Ritz To Rubble: Arctic Monkeys' Debut Album Ranked - Song By Song
23 January 2016, 06:00
Whatever People Say I Am, That's What I'm Not is ten years old today. Good grief. To celebrate, here at Radio X we've banged our heads together to rate the album's tunes, track-by-track. Agree? Disagree? Let us know.
13: You Probably Couldn’t See For The Lights But You Were Staring Straight At Me
Coming in at 2 minutes 11 seconds, the indulgently titled You Probably Couldn’t See For The Lights But You Were Staring Straight At Me is a perfect snapshot of the band at their most juvenile. Turner throws away lyrics that would come to define the band’s early sound (“Could all go a bit Frank Spencer”) and, more specifically, his habits as a young songwriter.
12: Riot Van
Rarely ever performed live, Riot Van was the traditional “slow song” on the album. More than a crowd pleasing banger, Riot Van depicted a the story of unruly youth winding up the police until the inevitable happens. Riot Van is concise, clear and a great example of how the band could create audio polaroids.
11. Red Lights Indicates Doors Are Secure
"Din't ya see she were gorgeous, she was beyond belief / But this lad at the side drinking a Smirnoff ice came and paid for her tropical Reef.” Possibly the most “Arctic Monkeys” lyric ever written, Red Lights Indicates Doors Are Secure is a long way from L.A. shine of R U Mine. It’s just as punchy though, and the choral shout of “NO SURRENDER” is nothing but fun.
10. Perhaps Vampires Is A Bit Strong But…
Even in the early days, Arctic Monkeys were cynical. Perhaps Vampires…looks at the sycophantic world of the music biz and lashes out at it. The extended outro sees Turner and Cook performing more than simple indie riffs with their guitars. More than any other track, Vampires really showed their potential musically.
9. When The Sun Goes Down
Although a festival and fan favourite, When The Sun Goes Down has fallen out of favour with the band in recent years - and that’s probably because they’ve played it about 5,000 times. But the opening vocal and solo guitar performance is iconic and you can still hear it regularly at indie clubs.
8. The View From The Afternoon
This track, the album’s opener, was a compelling taste of what was to come from the Monkeys. Helders’ drumming takes centre stage here, demonstrating the musicians' fresh-faced and enthusiastic ability.
7. From The Ritz The To The Rubble
Ever been turned away from a nightclub? Of course you have. That’s why From The Ritz To The Rubble resonates so effectively.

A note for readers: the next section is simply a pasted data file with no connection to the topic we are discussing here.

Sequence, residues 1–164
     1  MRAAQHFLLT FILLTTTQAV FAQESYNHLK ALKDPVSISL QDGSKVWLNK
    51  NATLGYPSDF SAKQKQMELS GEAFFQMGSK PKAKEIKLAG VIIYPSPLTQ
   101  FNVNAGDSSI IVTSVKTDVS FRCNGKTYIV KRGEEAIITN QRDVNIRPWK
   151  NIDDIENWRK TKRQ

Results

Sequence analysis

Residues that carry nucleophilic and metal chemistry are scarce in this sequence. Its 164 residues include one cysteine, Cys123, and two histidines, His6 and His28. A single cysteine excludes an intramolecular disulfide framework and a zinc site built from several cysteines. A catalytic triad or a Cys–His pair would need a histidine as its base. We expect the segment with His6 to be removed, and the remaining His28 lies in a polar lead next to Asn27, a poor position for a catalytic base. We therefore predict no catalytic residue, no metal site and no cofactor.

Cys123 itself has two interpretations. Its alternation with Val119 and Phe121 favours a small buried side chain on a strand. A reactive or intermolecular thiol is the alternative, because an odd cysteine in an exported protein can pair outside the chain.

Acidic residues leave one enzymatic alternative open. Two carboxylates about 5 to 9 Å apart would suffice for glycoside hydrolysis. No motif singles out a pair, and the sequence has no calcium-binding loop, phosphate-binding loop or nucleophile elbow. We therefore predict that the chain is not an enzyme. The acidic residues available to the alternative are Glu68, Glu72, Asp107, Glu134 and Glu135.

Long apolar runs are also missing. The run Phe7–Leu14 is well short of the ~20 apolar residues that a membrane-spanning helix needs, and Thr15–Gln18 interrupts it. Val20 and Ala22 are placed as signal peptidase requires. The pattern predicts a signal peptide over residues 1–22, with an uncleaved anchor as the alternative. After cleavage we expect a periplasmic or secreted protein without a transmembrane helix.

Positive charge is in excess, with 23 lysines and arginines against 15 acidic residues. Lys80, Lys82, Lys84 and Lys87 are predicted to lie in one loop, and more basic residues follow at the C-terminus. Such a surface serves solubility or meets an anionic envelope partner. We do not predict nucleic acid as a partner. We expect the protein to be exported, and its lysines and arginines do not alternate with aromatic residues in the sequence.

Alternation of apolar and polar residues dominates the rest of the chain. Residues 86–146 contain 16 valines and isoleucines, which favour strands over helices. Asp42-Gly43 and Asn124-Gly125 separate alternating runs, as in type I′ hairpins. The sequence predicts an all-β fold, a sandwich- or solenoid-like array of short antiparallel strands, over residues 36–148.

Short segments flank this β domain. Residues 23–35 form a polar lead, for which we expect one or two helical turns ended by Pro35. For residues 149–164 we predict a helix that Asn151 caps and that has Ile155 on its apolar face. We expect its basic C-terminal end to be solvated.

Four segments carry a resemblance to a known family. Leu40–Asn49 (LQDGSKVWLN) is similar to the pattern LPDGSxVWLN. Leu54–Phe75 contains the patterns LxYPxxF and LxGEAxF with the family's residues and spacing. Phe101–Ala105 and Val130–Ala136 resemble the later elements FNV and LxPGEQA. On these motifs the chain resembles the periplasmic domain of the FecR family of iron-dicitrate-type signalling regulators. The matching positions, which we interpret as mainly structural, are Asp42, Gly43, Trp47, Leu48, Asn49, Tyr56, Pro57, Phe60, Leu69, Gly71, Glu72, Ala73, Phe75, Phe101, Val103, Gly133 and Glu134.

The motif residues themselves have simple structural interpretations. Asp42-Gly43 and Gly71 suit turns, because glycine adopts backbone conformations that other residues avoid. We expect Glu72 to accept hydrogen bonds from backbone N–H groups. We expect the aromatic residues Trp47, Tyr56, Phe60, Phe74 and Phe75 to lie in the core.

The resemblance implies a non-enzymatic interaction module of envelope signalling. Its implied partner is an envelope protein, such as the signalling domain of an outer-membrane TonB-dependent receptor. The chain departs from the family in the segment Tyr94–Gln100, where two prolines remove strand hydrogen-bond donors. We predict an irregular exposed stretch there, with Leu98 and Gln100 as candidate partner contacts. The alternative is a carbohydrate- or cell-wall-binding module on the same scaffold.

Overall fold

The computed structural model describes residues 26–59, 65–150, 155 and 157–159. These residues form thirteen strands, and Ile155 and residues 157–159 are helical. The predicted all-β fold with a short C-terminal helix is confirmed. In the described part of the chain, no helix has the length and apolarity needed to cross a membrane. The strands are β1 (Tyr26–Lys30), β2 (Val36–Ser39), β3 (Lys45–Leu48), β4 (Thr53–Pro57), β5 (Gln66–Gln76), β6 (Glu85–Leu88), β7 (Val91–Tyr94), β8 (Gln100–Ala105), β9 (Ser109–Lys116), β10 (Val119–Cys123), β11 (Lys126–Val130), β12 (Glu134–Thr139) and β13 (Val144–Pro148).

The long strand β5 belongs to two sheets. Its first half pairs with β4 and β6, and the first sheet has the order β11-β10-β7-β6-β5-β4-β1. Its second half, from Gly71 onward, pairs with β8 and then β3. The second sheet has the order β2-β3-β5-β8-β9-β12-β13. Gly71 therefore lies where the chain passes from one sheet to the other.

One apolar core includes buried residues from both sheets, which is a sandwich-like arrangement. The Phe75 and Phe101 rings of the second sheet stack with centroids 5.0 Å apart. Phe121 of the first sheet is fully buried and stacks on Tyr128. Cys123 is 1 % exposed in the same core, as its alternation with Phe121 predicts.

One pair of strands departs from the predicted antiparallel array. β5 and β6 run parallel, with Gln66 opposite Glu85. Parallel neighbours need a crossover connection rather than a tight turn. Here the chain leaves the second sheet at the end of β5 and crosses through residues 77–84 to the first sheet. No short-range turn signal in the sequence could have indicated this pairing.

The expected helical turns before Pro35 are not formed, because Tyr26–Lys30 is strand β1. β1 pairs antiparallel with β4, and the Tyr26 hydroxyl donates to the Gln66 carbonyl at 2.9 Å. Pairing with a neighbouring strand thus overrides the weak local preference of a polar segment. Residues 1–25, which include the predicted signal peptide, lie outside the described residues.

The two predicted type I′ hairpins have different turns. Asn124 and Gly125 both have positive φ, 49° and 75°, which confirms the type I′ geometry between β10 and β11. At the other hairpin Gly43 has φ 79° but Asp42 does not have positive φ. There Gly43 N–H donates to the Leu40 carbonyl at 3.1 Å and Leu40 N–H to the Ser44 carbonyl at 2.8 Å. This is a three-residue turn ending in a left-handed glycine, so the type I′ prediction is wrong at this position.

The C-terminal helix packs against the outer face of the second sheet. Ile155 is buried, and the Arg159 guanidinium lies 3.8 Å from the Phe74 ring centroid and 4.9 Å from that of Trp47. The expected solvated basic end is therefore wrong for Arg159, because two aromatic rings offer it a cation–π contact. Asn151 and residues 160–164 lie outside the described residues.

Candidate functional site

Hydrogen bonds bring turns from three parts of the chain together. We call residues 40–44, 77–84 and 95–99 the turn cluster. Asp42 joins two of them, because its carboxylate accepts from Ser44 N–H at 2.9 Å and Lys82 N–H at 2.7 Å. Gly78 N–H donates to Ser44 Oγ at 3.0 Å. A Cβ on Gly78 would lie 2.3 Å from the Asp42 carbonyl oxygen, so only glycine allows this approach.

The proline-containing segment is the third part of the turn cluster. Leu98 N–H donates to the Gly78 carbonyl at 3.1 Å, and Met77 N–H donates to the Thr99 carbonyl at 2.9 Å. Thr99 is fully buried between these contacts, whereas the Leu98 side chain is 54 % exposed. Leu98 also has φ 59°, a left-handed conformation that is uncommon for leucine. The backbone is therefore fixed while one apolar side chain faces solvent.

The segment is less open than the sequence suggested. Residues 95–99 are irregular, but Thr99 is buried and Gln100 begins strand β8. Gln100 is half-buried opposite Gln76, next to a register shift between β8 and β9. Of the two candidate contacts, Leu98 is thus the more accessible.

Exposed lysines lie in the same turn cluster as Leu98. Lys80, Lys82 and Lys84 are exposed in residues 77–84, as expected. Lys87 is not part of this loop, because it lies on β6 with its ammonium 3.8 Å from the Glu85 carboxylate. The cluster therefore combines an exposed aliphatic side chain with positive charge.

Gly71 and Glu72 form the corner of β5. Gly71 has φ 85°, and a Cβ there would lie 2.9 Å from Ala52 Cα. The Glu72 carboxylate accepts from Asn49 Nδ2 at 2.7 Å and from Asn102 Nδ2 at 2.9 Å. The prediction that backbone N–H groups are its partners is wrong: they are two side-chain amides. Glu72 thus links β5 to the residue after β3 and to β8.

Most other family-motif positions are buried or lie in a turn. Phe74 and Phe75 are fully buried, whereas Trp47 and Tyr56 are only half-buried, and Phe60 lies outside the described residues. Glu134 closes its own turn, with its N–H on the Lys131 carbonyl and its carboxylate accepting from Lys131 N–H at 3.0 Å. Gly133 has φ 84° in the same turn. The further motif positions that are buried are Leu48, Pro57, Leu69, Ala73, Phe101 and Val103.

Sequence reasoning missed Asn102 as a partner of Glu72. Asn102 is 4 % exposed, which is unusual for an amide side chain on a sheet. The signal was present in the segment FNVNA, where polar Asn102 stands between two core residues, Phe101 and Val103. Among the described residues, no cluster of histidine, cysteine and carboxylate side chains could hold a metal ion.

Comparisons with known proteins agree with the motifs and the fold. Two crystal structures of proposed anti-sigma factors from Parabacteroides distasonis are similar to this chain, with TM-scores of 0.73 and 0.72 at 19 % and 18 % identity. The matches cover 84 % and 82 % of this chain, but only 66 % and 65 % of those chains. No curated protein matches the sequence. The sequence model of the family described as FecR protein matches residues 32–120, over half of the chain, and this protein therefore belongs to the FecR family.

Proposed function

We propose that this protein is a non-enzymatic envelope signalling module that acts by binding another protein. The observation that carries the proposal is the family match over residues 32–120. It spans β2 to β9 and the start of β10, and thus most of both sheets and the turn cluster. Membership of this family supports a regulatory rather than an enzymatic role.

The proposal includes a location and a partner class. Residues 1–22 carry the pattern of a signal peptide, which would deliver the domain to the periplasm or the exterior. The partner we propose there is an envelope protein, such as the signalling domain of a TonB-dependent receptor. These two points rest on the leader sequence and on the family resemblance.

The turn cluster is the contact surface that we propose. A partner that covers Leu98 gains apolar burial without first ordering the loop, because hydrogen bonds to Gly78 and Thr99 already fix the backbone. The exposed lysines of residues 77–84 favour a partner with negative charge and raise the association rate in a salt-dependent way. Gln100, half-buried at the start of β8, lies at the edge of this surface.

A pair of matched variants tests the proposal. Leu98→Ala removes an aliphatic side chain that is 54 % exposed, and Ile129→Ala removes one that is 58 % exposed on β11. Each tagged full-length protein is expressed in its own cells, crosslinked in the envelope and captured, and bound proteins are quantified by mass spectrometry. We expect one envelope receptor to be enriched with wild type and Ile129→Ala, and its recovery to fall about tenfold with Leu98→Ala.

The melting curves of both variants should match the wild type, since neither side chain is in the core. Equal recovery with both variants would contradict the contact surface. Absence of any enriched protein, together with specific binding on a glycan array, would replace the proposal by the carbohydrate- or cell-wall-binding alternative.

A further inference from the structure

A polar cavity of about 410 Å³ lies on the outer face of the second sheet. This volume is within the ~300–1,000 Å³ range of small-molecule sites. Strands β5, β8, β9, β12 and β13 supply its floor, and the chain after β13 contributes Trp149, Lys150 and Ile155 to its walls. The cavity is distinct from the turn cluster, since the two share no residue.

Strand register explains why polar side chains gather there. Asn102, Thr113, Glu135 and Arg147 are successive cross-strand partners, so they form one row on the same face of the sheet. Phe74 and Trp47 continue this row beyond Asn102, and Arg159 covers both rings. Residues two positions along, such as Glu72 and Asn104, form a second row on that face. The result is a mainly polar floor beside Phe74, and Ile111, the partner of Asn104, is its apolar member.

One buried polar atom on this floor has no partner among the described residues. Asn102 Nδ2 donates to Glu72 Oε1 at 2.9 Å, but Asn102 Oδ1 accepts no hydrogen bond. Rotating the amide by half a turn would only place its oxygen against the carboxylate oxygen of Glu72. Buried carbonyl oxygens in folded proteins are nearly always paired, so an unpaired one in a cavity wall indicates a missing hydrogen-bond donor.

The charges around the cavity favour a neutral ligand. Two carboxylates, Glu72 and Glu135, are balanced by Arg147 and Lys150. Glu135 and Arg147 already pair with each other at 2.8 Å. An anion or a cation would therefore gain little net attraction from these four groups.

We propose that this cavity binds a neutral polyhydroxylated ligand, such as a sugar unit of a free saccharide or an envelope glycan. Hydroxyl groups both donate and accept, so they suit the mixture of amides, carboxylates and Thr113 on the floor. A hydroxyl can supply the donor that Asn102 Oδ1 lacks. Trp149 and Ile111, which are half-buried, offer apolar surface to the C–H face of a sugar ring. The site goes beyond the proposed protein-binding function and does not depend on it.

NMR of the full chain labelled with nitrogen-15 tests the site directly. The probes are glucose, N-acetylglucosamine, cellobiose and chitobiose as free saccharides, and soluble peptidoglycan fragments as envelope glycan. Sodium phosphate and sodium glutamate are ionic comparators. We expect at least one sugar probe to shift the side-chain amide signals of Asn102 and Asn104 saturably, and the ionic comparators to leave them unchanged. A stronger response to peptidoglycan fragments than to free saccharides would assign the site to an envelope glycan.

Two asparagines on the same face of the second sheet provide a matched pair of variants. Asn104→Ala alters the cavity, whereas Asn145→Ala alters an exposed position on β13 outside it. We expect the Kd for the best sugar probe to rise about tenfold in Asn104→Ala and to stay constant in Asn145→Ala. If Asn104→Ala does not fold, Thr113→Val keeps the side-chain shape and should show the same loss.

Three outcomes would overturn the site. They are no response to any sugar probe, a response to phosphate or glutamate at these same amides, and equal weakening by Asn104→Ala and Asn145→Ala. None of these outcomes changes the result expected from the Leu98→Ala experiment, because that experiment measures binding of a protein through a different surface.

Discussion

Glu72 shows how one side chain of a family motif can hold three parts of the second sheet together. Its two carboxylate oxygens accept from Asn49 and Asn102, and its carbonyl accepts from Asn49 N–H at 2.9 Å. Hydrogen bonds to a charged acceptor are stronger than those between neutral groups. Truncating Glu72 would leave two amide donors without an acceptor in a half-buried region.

6. Fake Tales Of San Francisco
Fake Tales Of San Francisco was one of the first, and most popular, Monkeys tracks. It’s also where the immortal lyric “Love’s not only blind but deaf” came from. A pitch-perfect thumbnail sketch of local wannabe bands.
5. Dancing Shoes
“Get on yer dancing shoes” calls Turner at the start of this AM classic. As one of the album’s meatier riffs, the band have always held onto it in their live shows.
4. I Bet You Look Good On The Dancefloor
I Bet You Look Good On The Dancefloor was an instant hit, reaching No.1 before folks had even had the chance to hear it twice. Obviously it ticked all the “indie floorfiller” boxes (big chorus, easy lyrics, guitar solos) but there was something so effortless about it that connected with people, and it’s never been out of the setlist since.
3. Mardy Bum
Mardy Bum became one of the most celebrated anthems of 2006, and arguably the noughties as a whole. It was flippant, witty and, well, a tune. The track defined the album - that combination of relatable lyrics and big choruses. Plus, it wasn’t even a single. That’s good work.
2. Still Take You Home
Of all Arctic Monkeys tracks, Still Take You Home is the one that perfectly summed up the mid-noughties days of cheap booze deals, tacky clubs, and shameless attempts to pull. The lyrics are funny yet self effacing, and it was instantly nostalgic. Of all the racing, thrashy Monkeys tunes, Still Take You Home was the most concrete, and definitely one of the funniest songs on the record.
1. A Certain Romance
Before they’d even appeared on TV or radio, Arctic Monkeys were everywhere. One of the reasons was this track. Thanks to MySpace and the mid-noughties social media explosion, A Certain Romance (along with other scratchy demos) circulated quicker than anyone expected. It was an anthem for the modern age, for the working man. From the rolling drum intro to the concluding E Major brush, A Certain Romance encapsulated exactly what this band had to offer; lyrics, riffs, tunes.